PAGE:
Nattuvangam | Smt. Revathi Kumar
She will verbalize the rhythm of the dancer’s steps.
Vocal | Smt. Latha K. Ramaswamy
She has given Carnatic music concerts under the tutelage of Smt. Usha Char and performed as the lead vocalist for a number of Bharatha Natyam & Kuchupudi performances. She is also an accomplished and versatile stage actress, writer, director, dance choreographer and playwright. Latha has received a citation from MD Governor Robert Ehrlich for her valuable contribution to the promotion of Indian arts in the US. Latha is a Software Engineer by profession.
Mrudangam | Sri. Srinath Bala
Having been initiated by Late Sri. Krishnan, Srinath learnt under Sri. R. Ramesh and then under Maestro Padmabhushan Sangeetha Kalanidhi Umayalpuram K. Sivaraman. He won the PG Arts Council Award in 2006 when he presented a TalaVadya concert titled “Music Through Membranes”. He has received the Maryland State Arts Council Individual Artist Award (2008). He teaches Mridangam at the Jayamangala School in Maryland. He works as a consultant at Microsoft Research, Bangalore, India.
Violin | Smt. Sandhya Srinath
She is a disciple of Late Sri. V Janakiraman and has received advanced training under Prof. T. N. Krishnan and Sri. Lalgudi G. Jayaraman.She is a Gold Medalist in M.A./M.Phil in Carnatic Music at Delhi University. She has given many solo performances and has accompanied many senior and top class musicians and dancers. She is an “A” grade artist of All India Radio and Doordarshan. She has given demonstrations at various Universities and has received prestigeous awards in India and USA. She teaches Violin through an online teaching portal to students worldwide.
Flute | Sri. Bharatwaj Gopalakrishna
He began learning flute from Guru Kalaimamani Sri. Thiruvarur Swaminathan (Disciple of Dr. N. Ramani) when he was 10 years old. He has performed as a solo artist and collaborated with western artists/fusion bands. He works as an Operations Engineering Consultant and is currently living in Manassas, VA.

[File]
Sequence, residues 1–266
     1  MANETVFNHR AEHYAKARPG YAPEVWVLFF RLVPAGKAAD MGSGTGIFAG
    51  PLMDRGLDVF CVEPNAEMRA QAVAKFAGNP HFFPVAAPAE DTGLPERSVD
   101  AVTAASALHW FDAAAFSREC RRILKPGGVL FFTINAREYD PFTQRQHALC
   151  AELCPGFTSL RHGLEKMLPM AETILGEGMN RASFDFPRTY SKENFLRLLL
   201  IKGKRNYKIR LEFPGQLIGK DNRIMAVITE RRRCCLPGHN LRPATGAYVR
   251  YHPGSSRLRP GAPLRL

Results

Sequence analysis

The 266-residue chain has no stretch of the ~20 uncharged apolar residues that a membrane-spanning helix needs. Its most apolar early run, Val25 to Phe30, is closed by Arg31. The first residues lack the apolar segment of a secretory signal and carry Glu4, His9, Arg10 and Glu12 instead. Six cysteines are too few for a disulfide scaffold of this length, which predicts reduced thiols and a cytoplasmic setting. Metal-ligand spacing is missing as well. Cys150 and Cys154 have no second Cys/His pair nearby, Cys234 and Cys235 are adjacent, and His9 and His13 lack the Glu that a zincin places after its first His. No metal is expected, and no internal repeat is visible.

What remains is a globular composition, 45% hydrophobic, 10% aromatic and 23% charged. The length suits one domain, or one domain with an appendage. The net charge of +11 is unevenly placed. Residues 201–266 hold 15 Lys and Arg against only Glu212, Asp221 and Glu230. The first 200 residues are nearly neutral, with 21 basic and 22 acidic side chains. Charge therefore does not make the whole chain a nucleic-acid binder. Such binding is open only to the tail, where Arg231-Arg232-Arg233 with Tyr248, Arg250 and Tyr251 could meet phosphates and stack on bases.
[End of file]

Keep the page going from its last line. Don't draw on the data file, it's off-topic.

Mrs. Revathi Kumar learned Bharatha Natyam in the Thanjaavur style from Thanjaavur Pavu Pillai, and blossomed into a talented dancer under further tutelage from Pandhanallur Meenakshi Sundharam Pillai and ChockalingamPillai. She is the founder and Director of Abinaya Natya Sala, a flourishing dance studio in Ellicott City, MD. Mrs. Kumar has taught over a hundred students yearly for the past twenty years and has earned a reputation as an exceptional teacher and choreographer with exemplary patience and dedication to her students. Abinaya Natya Sala is the best known ambassador of this Indian art form in the region, and has performed at multiple fundraising programs for local as well as global causes including Haiti Relief, 9/11 victims, Operation Military Kids and Celiac research. Abinaya Natya Sala’s dancers are highly regarded and sought after and have earned special invitations from Howard County Public Schools to perform at their international festivals.
Asmi was nine years old when she was first introduced to the art of Bharatha Natyam. She also studies classical Indian and western violin. She is actively involved in her school as President and founder of the Atholton Model United Nations Club, President of Student Leadership Cadre, and Vice President of the Math, Engineering, Science, and Achievement (MESA) Team. Asmi was honored in 2010 as a “Carson Scholar”. She served her community through the River Hill Community Association, as a Teen Representative, and ultimately as the “first” voting student Member on the village board. She was honored with the Maryland Woman of Tomorrow Award (2010), and received a citation from Governor Martin O’Malley for her excellence in academics and community service. Asmi would like to express her gratitude to her guru, family, and friends for their guidance and encouragement on this auspicious day.
Abinaya Natya Sala
Bharatha Natya Arangetram
June 16th, 2012